You may target specific skills. For example, we may expect that all first-grade teachers address phonemic awareness every day. Perhaps in the past, each teacher has decided how to do this and for how long, but this fall we want all first-grade teachers to spend 15 minutes per day focusing on specific phonemic awareness skills. It’s likely our students have not been spending much time writing in the past few months. Middle school students may benefit from a review of sentence structure, paragraph, and essay writing before they are ready to get back to writing for content.  

You may focus on Learning Intentions to show students the relationship between the tasks they are completing and the purpose for learning. Follow All Belong’s blog for recent articles on Assessment and Learning (connect to Phil and Megan’s blog). 

In addition, frequent, ongoing assessment following whole class intervention on a weekly or bi-weekly basis can help to establish student learning rates, identify which students are progressing on an expected trajectory of growth, and which student will benefit from additional support.  This data can then be added to the student file to help determine when and if further support and/or evaluation is needed. 

Additional Resources 

Class-wide Reading Interventions 

Class-wide Writing Interventions 

Class-wide Math Interventions 

After a few weeks of intensified Tier One instruction, students not making adequate progress will need more intensive researchedbased instruction matched to their lagging skills. Typically, Tier Two instruction happens in small groups. There are some things to consider, especially this year: 

Tier Two Instruction Considerations: 

  • Can Tier Two needs be met in the classroom? Consider structuring your classroom for small group instruction or invite para-professionals into your classroom so that students don’t miss being a part of the whole group.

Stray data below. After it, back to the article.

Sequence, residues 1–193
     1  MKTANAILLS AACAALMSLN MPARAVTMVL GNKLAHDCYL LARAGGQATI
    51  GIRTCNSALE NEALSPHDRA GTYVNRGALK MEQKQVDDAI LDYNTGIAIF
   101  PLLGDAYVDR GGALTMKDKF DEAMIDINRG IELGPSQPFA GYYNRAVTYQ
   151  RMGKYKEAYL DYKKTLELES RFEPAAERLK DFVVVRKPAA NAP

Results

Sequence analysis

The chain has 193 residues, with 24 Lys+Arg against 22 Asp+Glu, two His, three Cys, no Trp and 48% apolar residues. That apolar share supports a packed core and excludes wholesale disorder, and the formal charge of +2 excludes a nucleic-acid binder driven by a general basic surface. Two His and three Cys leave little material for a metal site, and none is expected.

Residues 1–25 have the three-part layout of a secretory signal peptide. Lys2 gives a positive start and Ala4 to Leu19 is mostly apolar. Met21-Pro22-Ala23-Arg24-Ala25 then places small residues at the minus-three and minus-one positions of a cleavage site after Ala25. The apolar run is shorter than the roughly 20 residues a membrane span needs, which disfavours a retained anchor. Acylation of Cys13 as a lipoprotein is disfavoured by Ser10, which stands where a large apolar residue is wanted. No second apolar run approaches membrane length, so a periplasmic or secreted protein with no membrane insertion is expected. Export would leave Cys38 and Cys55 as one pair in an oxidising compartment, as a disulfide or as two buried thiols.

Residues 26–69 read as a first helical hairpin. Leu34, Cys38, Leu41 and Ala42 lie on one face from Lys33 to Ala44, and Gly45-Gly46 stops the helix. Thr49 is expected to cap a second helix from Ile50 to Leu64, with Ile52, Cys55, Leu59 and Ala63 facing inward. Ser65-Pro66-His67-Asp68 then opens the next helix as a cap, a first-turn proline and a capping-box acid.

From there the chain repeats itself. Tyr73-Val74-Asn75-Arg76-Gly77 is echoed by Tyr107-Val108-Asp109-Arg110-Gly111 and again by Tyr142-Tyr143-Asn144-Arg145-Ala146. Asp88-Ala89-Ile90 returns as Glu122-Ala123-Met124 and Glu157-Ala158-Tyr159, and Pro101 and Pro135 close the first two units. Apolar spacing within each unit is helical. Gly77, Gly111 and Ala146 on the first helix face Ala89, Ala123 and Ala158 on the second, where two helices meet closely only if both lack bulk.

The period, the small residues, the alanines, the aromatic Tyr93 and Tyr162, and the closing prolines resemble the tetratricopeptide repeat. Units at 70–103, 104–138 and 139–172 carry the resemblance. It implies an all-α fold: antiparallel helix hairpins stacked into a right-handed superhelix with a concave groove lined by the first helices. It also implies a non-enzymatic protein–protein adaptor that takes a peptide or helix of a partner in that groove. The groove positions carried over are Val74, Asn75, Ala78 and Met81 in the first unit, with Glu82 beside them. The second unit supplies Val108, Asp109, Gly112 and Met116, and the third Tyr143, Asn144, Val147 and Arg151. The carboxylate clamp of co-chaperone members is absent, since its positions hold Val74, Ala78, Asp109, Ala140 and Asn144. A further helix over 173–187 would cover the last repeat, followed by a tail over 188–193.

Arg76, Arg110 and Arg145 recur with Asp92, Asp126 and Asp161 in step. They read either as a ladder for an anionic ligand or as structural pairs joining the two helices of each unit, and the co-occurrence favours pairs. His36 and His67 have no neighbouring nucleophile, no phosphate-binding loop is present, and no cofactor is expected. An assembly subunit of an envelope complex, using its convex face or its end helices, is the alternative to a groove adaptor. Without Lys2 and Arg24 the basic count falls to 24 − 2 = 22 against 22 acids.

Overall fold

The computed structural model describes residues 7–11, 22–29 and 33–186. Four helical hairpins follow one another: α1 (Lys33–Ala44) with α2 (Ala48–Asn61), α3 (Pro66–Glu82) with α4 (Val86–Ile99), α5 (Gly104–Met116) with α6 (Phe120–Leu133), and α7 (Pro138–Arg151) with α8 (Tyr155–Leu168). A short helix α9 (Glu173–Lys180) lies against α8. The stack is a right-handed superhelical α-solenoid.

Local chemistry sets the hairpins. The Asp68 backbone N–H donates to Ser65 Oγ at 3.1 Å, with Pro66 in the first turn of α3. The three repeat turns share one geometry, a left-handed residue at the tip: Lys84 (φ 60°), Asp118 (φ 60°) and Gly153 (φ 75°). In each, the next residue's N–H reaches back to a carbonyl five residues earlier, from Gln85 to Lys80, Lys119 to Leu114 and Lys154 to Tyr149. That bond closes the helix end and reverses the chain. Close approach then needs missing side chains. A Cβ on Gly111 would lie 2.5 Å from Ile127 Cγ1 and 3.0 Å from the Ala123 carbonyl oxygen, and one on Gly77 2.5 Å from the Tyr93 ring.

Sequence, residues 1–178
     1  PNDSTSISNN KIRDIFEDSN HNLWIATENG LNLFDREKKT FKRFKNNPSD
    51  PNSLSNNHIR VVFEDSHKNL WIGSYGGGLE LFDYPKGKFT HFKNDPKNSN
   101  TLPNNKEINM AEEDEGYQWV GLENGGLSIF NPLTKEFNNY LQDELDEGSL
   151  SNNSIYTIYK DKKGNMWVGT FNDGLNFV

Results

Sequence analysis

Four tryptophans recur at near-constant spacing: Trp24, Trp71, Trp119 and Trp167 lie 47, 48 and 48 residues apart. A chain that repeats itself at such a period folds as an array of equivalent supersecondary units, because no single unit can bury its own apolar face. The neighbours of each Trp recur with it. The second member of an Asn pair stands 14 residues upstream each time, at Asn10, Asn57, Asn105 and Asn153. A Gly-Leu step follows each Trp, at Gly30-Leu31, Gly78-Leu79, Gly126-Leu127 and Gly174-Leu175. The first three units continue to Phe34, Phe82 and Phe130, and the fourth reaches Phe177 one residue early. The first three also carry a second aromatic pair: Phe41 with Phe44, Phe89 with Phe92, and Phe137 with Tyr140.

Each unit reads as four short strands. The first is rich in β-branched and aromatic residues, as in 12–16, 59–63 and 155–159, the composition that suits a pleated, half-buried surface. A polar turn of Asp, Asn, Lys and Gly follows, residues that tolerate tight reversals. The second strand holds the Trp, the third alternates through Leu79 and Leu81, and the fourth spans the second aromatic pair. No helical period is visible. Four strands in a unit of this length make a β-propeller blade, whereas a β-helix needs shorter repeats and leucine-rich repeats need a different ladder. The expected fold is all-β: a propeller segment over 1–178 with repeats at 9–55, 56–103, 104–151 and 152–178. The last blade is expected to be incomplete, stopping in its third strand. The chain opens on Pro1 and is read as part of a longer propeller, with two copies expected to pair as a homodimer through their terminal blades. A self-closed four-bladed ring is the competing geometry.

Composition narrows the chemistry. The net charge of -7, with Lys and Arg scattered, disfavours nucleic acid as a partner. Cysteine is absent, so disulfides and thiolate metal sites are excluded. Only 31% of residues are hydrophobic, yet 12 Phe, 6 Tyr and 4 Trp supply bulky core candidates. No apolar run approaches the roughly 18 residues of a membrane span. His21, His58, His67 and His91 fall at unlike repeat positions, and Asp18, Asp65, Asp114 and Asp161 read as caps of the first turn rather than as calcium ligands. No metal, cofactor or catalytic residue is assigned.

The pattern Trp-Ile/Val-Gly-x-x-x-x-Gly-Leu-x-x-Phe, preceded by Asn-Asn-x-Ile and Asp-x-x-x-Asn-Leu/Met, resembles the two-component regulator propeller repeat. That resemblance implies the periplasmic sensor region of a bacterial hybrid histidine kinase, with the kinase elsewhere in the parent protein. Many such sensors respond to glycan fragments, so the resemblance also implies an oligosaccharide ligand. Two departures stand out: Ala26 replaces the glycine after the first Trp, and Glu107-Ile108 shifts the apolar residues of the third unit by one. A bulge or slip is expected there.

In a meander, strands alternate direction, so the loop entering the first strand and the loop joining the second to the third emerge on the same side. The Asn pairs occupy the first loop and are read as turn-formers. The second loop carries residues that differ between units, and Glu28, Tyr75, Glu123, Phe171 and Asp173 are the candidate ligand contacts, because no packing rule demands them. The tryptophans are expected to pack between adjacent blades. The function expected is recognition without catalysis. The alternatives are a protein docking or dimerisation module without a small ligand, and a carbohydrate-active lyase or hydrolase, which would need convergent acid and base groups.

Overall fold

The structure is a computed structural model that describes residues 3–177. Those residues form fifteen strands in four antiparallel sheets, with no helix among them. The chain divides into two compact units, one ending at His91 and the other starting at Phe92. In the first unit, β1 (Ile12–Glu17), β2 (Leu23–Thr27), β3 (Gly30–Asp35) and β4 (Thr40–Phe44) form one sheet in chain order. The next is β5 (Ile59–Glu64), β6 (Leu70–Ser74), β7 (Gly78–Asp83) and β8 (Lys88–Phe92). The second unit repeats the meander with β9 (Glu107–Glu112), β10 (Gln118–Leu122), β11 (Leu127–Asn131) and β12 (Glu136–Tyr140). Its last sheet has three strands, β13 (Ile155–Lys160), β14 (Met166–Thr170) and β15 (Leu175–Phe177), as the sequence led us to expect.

• As always, social emotional factors come into play. Which students need small group instruction may be a little different this year. For a student who has never needed small group instruction before, receiving small group instruction could cause apprehension or anxiety. Using the language of “haven’t learned this yet” will be very helpful for students.  
  • Be cautious that small groups don’t become stagnant. Tier Two instruction is designed to be short-term and to address a specific skill. Monitor student progress every few weeks and adjust your intervention strategies accordingly.        
  • Of course, you’ll need to identify which students and which skills need Tier Two support. Before you complete the fall benchmark assessments, use data that you already have. This might be information from last year’s benchmark assessments or progress monitoring. It’s wise to plan that students who needed support last school year will need at least the same level of support that they were receiving last March. You can also use in-class tools to find things like guided reading levels to help inform your instruction.  

Pearson, the makers of aimswebPlus, produced a webinar titled End-of-Year Wrap-up and Back to School Preparation.  The section on Re-entry Instruction and Assessment Planning is especially helpful as we consider how to meet the needs of students as they come back to school this fall (you will find this section starting at minute 25:00 through 48:00).

For students already in the referral process, evaluations should be completed as soon as possible in a safe and thoughtful manner.  Information from parents will be beneficial to better understand each students unique remote learning experiences, including the student and family’s social and emotional experiences during the pandemic This information can be gathered informally or with the use of a formal survey.  Additionally, as new information is gathered upon the return to school through both formal and informal assessments, that information can be shared to enhance the evaluation process.   

Prior to consideration for an evaluation, the referral team will need to ensure that students have had robust core instruction and access to evidence-based intervention—academic, behavioral, and social-emotional—for a sustained period of time.  Leaning into the student’s history of need prior to the pandemic can also inform the nature and level of academic concern.  The student’s access and engagement to remote learning and the social-emotional impact should also be considered.  With these elements confirmed and learning continues to lag, the protocol established within your school can then guide the referral process.